A door on one of Qantas’ flagship A380s was just about ripped off the aircraft while it was being rolled out of a hangar at Sydney Airport (SYD). The incident occurred when the double-decker Airbus A380 registration number VH-OQB was being taken out of hangar 96 at Sydney Airport following routine maintenance.
According to reports, the aircraft was being towed out of the hangar when its door got caught up on scaffolding and was almost completely ripped off the aircraft.
A Qantas flight to Dallas had to be canceled due to the incident
The accident occurred last Friday and caused the cancelation of Qantas flight number QF7 on Saturday from Sydney to Dallas/Fort Worth (DFW) in Texas. The return flight to Australia, Qantas QF8 which was scheduled for today, Sunday, November 10th, 2019 also had to be canceled.
Qantas released a statement about the flight cancelations carried to the Brisbane Times. It said that they confirmed that the aircraft door of the A380 sustained some damage inside the hangar during maintenance. “We are working to minimize impacts to our customers and we apologize for any delays.”
— Breaking Aviation News (@breakingavnews) November 9, 2019
Passengers who were booked on flights QF7 and QF8 were put on alternative flights.
Qantas has 12 Airbus A380s
The Airbus A380 is the jewel of the Australian airline’s fleet, of which it has 12 aircraft. Currently, two of the planes are out of service undergoing refurbishment in Brisbane and Abu Dhabi. The A380 that was damaged in Sydney now needs to have its door replaced, with engineers saying it should be able to re-enter service in around two weeks.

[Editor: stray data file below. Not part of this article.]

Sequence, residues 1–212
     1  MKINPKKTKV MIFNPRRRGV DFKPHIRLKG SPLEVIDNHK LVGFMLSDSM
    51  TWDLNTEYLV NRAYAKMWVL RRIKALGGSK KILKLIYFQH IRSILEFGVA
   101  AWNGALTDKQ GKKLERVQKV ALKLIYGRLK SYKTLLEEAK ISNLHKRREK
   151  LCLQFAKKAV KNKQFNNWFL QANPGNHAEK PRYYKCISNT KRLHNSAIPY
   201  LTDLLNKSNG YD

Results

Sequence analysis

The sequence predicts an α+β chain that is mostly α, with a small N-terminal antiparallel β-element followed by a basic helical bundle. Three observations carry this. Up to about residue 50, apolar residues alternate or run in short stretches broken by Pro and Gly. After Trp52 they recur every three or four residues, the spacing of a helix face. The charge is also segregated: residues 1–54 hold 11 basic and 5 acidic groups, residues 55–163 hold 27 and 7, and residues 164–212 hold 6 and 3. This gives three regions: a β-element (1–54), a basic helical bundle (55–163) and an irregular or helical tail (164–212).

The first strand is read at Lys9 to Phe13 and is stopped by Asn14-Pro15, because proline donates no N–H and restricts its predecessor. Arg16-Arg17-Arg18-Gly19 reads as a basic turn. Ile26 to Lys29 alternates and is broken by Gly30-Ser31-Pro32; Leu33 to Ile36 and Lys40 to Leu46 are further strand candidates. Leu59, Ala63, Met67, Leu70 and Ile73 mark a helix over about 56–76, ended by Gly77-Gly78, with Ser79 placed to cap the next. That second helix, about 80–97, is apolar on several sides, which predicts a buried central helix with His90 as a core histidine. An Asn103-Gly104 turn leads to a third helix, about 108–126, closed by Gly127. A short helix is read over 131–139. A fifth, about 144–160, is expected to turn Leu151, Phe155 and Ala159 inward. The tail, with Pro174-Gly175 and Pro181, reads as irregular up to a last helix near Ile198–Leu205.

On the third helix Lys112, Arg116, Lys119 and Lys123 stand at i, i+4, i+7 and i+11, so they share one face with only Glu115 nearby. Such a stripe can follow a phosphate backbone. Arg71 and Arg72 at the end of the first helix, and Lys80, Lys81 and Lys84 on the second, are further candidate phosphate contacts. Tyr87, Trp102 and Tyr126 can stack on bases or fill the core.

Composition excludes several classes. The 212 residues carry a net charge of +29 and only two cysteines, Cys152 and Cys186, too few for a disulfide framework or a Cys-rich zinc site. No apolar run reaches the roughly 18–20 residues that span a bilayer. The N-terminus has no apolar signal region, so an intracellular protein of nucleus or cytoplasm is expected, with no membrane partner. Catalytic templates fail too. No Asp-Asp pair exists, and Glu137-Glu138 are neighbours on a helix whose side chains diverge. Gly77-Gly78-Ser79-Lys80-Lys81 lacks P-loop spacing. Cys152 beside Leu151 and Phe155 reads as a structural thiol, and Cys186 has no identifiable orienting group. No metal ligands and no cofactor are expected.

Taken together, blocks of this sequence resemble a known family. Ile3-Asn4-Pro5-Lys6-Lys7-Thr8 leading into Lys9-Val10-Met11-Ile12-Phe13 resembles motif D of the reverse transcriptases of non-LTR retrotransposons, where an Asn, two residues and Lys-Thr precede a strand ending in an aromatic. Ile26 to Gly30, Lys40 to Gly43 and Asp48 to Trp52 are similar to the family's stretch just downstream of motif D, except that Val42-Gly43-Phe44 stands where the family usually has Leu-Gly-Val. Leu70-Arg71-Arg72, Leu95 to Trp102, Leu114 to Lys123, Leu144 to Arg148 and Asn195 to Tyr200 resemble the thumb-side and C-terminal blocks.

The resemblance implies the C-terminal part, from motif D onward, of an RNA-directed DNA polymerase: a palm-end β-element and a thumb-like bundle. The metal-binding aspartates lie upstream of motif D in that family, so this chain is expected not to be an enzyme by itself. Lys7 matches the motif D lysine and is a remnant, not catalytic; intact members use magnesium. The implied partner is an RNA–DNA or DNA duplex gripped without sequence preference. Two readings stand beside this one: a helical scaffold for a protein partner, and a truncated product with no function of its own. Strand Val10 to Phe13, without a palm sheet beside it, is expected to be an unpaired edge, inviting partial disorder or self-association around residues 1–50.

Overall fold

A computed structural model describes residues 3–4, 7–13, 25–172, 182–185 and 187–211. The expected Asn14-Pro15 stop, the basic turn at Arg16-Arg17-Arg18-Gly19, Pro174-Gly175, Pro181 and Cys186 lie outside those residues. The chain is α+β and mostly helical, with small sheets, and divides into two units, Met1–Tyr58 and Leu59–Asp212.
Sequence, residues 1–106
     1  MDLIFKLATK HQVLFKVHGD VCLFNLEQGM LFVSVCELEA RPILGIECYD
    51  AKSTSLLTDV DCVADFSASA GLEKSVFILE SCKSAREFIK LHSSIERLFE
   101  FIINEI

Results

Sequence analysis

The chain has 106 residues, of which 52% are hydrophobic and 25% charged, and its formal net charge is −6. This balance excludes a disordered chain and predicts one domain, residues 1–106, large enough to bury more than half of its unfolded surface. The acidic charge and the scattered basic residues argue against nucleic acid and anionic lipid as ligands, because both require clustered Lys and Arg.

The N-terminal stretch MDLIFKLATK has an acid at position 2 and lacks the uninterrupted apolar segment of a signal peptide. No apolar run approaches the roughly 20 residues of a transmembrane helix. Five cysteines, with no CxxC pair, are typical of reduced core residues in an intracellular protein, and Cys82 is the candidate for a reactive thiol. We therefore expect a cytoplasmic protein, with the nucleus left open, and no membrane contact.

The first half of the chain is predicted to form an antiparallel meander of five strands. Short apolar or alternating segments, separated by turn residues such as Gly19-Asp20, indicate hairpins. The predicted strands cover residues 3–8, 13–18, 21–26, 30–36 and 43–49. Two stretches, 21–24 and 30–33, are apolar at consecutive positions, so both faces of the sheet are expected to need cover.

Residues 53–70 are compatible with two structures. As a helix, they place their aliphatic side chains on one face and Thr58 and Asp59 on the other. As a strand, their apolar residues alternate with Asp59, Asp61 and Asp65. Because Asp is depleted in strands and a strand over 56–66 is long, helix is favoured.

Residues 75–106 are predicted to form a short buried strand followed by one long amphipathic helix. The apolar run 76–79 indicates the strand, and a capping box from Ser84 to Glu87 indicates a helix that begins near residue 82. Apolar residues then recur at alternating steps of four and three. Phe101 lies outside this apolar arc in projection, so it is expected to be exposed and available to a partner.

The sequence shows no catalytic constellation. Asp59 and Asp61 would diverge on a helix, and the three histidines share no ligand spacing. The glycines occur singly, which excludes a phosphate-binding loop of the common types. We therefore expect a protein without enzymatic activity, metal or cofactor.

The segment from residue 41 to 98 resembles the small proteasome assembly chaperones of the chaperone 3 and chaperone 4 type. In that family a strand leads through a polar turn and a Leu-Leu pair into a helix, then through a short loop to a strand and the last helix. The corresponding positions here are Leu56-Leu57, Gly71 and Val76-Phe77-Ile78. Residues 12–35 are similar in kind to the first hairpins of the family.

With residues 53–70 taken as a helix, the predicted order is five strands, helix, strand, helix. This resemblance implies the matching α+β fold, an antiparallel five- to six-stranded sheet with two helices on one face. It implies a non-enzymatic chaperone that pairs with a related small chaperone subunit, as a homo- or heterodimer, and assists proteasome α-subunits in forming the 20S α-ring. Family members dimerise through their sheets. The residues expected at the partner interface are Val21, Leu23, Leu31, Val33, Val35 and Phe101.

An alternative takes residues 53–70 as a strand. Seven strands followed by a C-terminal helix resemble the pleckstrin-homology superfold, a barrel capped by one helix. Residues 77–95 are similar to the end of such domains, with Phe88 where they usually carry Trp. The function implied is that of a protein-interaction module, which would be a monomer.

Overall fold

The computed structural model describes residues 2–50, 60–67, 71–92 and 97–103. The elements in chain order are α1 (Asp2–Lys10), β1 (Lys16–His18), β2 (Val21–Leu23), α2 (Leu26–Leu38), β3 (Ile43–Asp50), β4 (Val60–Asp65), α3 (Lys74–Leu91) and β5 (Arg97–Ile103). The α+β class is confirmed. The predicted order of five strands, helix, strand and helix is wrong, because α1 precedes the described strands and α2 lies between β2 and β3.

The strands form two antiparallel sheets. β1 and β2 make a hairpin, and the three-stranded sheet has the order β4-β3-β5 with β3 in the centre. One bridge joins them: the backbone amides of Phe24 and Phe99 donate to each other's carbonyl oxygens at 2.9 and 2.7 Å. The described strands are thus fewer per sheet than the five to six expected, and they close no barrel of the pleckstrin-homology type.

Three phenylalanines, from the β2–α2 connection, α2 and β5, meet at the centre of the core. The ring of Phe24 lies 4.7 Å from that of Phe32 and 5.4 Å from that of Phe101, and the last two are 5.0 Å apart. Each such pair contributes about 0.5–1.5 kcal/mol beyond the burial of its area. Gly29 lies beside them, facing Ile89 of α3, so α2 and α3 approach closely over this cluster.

This latest maintenance issue comes after Qantas grounded three of its Boeing 737 fleet after having found cracks in the pickle fork. This is a device that reinforces the join between the aircraft’s wings and the fuselage.
Qantas inspected all 33 of its Boeing 737 aircraft for pickle fork issues more than a week ago. Then it took three planes out of service despite Boeing and airline regulators saying pickle fork cracks did not pose an immediate safety risk.
Qantas always put safety first
When Qantas was asked by the Australian Broadcasting Corporation (ABC) about the pickle fork issues Australian national flag carrier issued a statement that read:
“We have found one example of cracking in an aircraft with just under 27,000 cycles (take-offs and landings), and this aircraft has been removed from service for repair.”
“None of Qantas’ 737s have reached the 30,000 cycle mark. However, out of an abundance of caution, we will have inspected 33 aircraft with more than 22,600 cycles by the end of the week rather than the seven months required.”
“Detailed analysis by Boeing shows that even when a crack is present, it does not immediately compromise the safety of the aircraft, as indicated by the timeframe given by regulators to perform the checks.”
According to aviation consultancy firm IBA, it costs around $188,000 (USD) to fix pickle fork cracks per aircraft. Qantas went on to reiterate that there was no immediate safety risk posed by cracks in the aircraft’s pickle forks.
“Qantas would never operate an aircraft unless it was completely safe to do so,” Qantas said.
Having looked at a photo of the mangled door, it is hard to imagine how they could tow the aircraft out of the hanger. This is without first checking to see that there were no obstructions in the way.
Also, the door must not have been closed properly for it to get snagged. What do you think? Please let us know in the comments.